University of California, Irvine is leading the way in biomedical and 3D printing, which lets users design prototypes on their computers and print them out. As these technologies develop at a record pace, there is a critical need for highly trained engineers – 600,000 more in coming years.
UCI partnershiped with Saddleback College to set up RapidTech, the only nonprofit on a U.S. campus that trains community college and university students side by side, creating the workforce of tomorrow. RapidTech is funded by the National Science Foundation and housed in UCI's Henry Samueli School of Engineering. Besides that, RapidTech also offers low-cost, cutting-edge 3D printing service for businesses needing to quickly design and refine prototypes.
RapidTech is equipped with 20 3D printers and other equipment and the 3D printing process enables users to quickly design and refine prototypes in a very low cost. "We're helping to create the supply chain of the future." said UC Irvine mechanical engineering professor Marc Madou.
The professional 3D printers cost $50,000 to $1 million, many small- to medium-sized businesses just couldn't afford. One happy client of RapidTech is Genevro's Airflow Systems, a small firm that has been designing, building and selling FAA-certified aircraft equipment, such as engine intercoolers, since 1987. By using Rapid Tech's service Airflow Systems is able to save weeks and sometimes months of production time, said Bill Genevro, president of Airflow Systems.
One of the more esoteric projects involved re-creating parts for a 1938 Japanese Zero fighter plane, using only the pitted, corroded and incomplete original parts. This was for a restoration project for the Evergreen Aviation Museum in McMinnville, Ore.
With RapidTech's help, Genevro was able to scan each part, correct the defects, and then reproduce a 3-D representation of parts that hadn't been manufactured in nearly 70 years. The technology is just as useful in designing new and improved parts for machines currently in production.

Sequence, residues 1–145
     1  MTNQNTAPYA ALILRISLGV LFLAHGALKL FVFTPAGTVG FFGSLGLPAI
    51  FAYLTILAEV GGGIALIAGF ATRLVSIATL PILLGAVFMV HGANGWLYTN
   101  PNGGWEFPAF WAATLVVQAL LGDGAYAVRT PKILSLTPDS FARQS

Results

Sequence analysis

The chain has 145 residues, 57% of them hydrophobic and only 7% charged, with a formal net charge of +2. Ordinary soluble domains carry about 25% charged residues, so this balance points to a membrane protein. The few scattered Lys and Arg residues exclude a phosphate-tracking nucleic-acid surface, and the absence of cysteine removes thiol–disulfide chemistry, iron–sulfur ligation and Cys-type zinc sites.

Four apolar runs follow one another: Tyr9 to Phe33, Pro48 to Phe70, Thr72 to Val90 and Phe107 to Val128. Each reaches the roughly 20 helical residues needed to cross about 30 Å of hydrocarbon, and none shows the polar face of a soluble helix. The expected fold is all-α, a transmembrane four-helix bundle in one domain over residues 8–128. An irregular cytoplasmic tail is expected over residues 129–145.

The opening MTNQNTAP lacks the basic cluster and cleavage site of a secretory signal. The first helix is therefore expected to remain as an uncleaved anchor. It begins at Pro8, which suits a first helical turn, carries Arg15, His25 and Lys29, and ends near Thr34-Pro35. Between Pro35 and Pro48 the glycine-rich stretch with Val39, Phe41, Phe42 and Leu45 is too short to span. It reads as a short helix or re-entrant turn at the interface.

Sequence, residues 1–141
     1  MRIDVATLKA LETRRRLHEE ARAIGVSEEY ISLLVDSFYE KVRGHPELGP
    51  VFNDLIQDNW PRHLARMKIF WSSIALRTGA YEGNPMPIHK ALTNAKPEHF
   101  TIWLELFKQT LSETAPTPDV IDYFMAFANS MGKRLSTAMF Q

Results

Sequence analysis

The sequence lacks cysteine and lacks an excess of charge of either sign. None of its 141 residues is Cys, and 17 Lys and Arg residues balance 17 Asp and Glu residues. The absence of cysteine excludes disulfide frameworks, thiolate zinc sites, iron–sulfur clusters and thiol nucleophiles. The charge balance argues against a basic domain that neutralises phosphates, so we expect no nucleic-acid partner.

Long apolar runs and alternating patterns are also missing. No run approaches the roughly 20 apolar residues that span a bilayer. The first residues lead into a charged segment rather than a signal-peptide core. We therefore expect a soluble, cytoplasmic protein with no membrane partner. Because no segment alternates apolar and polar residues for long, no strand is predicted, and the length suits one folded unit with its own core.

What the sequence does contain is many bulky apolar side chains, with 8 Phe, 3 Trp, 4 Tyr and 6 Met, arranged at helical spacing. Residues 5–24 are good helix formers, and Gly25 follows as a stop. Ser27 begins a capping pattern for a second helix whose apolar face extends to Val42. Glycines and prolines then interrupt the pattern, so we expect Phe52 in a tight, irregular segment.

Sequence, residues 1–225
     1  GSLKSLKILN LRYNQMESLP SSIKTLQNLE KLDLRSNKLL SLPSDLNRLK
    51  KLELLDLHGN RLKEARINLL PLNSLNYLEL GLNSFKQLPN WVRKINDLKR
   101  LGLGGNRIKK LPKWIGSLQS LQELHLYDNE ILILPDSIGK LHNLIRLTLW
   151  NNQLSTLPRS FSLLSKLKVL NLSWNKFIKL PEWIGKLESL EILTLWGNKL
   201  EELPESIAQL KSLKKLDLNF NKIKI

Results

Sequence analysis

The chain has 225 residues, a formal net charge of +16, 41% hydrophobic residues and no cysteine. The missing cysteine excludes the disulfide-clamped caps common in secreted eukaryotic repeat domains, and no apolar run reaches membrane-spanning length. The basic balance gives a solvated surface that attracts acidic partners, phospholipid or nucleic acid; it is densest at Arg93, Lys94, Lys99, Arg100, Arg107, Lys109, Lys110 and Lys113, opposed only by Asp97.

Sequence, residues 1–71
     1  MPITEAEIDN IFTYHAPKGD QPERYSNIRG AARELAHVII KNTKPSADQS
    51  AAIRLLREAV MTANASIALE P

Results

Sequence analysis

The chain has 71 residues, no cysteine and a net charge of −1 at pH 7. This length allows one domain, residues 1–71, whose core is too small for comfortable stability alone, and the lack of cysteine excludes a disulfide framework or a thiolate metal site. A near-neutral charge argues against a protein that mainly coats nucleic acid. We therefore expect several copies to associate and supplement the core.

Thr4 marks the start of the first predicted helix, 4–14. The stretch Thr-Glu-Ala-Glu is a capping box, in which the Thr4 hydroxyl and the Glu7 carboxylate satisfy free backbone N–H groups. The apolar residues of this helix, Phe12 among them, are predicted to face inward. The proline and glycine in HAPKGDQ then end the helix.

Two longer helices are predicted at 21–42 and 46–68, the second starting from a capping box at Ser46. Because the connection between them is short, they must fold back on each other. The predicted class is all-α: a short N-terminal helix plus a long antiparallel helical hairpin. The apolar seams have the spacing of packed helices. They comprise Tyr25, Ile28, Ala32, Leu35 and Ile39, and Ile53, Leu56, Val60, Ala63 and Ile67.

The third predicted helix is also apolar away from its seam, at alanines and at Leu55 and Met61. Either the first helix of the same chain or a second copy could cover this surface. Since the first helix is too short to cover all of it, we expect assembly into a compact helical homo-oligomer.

"If Southern California is going to regain its competitive stature in manufacturing, we have to be leaders in adopting this kind of technology," Genevro said.
For the well-known watersports equipment brand Hobie Designs Inc. in San Juan Capistrano, Rapid Tech helped develop a carbon fiber paddle based on a partial design that the lab was able to extend across the entire item.
"The 3-D scanning, computer-assisted design and prototyping process helped us deliver this new concept as fast as we could conceive it," said Hobie Designs President Jeff Alter, "and now customers get to reap the rewards."
Abrams Plumbing wanted to create a compact, easy to operate, single handed tool to aid plumbers and home repair people in removing damaged compression fit ferrules in hard to reach locations. RapidTech took first photos of the original tool and created a 3D model in SolidWorks. Several wax and plastic prototypes were printed and tested, and adjustments were made to the SolidWorks model accordingly to reduce the rate of failure. After each successive change new pieces were printed, cast, and machined. The current version is undergoing field testing and has proven to be far superior to anything available on the market.
(Tools Used: SolidWorks, Stratasys Dimension SST 1200es, 3D Systems Thermojet | image credit: RapidTech)
But RapidTech don't just take on any project. "We decide on a case-by-case basis," Tackett said. "If someone wants us to make a box, probably not. We don't make boxes. We ask ourselves, 'Is there intellectual merit to the project? Will it help train students? Will it help other companies?' That's what we are looking for."
Source: Los Angeles Times
Posted in 3D Printing Services
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